© 2011 CMS Collaboration A search for supersymmetry with R-parity conservation in proton–proton collisions at a centre-of-mass energy of 7 TeV is presented. The data correspond to an integrated luminosity of 35 pb−1collected by the CMS experiment at the LHC. The search is performed in events with jets and significant missing transverse energy, characteristic of the decays of heavy, pair-produced squarks and gluinos. The primary background, from standard model multijet production, is reduced by several orders of magnitude to a negligible level by the application of a set of robust kinematic requirements. With this selection, the data are consistent with the standard model backgrounds, namely tt¯, W + jet and Z + jet production, which are estimated from data control samples. Limits are set on the parameters of the constrained minimal supersymmetric extension of the standard model. These limits extend those set previously by experiments at the Tevatron and LEP colliders.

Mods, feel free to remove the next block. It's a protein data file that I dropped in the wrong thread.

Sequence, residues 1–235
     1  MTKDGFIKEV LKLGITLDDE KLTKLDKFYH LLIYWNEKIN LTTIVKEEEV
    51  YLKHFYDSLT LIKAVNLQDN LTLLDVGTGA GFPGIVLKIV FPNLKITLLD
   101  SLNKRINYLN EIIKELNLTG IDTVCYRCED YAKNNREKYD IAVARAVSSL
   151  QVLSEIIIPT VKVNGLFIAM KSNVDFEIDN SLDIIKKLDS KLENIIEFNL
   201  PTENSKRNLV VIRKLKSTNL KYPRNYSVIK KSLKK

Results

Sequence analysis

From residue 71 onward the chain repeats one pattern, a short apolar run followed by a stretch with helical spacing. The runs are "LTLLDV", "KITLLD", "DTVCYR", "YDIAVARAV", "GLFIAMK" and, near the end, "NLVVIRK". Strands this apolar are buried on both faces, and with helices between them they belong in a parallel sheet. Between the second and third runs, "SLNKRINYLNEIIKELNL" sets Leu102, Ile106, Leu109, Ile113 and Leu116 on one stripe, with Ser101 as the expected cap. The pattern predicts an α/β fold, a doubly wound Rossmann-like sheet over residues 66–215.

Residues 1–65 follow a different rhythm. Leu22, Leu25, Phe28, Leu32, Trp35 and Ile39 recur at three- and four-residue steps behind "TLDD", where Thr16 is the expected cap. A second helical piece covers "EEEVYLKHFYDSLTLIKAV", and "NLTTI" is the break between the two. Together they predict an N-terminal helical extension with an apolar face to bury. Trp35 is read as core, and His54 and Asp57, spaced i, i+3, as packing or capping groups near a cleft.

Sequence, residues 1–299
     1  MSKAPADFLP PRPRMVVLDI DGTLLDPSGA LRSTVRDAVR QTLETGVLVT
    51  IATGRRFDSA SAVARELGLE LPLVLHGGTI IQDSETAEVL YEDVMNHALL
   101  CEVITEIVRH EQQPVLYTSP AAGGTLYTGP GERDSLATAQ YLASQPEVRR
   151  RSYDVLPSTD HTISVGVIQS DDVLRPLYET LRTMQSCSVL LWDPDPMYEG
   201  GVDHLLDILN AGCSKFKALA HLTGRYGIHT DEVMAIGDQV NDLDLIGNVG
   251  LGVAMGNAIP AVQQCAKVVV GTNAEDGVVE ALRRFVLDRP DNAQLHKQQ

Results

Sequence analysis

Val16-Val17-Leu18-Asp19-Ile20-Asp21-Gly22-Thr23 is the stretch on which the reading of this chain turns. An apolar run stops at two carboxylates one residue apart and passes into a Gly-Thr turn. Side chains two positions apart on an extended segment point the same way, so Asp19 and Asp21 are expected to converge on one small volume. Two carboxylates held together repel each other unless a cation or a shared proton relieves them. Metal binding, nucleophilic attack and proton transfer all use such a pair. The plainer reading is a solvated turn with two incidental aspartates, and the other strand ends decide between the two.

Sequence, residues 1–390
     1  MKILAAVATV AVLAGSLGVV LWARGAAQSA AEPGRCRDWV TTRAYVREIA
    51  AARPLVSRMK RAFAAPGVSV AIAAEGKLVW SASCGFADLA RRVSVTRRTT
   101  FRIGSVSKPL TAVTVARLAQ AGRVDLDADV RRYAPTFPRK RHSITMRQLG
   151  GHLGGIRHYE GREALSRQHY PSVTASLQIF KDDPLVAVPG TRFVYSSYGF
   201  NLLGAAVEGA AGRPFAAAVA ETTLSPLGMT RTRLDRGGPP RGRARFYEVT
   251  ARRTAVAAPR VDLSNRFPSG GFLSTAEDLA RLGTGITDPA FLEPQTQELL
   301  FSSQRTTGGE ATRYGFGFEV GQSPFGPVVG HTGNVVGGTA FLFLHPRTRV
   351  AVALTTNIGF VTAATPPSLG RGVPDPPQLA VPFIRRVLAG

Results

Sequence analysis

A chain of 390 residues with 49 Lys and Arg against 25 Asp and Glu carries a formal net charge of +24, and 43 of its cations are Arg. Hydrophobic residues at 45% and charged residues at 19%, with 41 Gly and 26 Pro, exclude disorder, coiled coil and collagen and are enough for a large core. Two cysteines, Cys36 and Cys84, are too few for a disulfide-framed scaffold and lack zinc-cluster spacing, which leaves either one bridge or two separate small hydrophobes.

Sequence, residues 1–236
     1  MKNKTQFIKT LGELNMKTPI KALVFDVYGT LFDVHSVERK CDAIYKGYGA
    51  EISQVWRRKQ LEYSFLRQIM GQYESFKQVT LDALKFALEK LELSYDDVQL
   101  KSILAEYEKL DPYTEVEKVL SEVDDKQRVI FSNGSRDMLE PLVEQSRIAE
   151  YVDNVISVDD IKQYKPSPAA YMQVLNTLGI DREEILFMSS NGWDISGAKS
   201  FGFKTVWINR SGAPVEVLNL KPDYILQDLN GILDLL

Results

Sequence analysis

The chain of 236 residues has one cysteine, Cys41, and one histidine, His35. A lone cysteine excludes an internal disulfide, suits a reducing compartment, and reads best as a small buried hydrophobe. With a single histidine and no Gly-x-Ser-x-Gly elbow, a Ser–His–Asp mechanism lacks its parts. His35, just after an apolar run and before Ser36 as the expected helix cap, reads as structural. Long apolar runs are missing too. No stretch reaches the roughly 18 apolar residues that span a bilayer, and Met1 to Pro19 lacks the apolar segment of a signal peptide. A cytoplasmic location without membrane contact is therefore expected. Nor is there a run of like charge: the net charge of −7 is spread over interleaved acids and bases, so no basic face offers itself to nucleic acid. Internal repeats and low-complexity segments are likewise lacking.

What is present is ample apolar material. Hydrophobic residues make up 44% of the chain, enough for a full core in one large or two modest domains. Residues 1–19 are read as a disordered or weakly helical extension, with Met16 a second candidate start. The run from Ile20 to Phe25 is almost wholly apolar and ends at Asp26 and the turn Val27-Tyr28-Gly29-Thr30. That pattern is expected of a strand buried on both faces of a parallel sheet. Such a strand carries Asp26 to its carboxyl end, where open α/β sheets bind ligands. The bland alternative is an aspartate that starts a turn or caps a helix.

• Search for Magnetic Monopoles with the MoEDAL Forward Trapping Detector in 13 TeV Proton-Proton Collisions at the LHC.

    3 July 2018

    MoEDAL is designed to identify new physics in the form of long-lived highly ionizing particles produced in high-energy LHC collisions. Its arrays of plastic nuclear-track detectors and aluminium trapping volumes provide two independent passive detection techniques. We present here the results of a first search for magnetic monopole production in 13 TeV proton-proton collisions using the trapping technique, extending a previous publication with 8 TeV data during LHC Run 1. A total of 222 kg of MoEDAL trapping detector samples was exposed in the forward region and analyzed by searching for induced persistent currents after passage through a superconducting magnetometer. Magnetic charges exceeding half the Dirac charge are excluded in all samples and limits are placed for the first time on the production of magnetic monopoles in 13 TeV pp collisions. The search probes mass ranges previously inaccessible to collider experiments for up to five times the Dirac charge.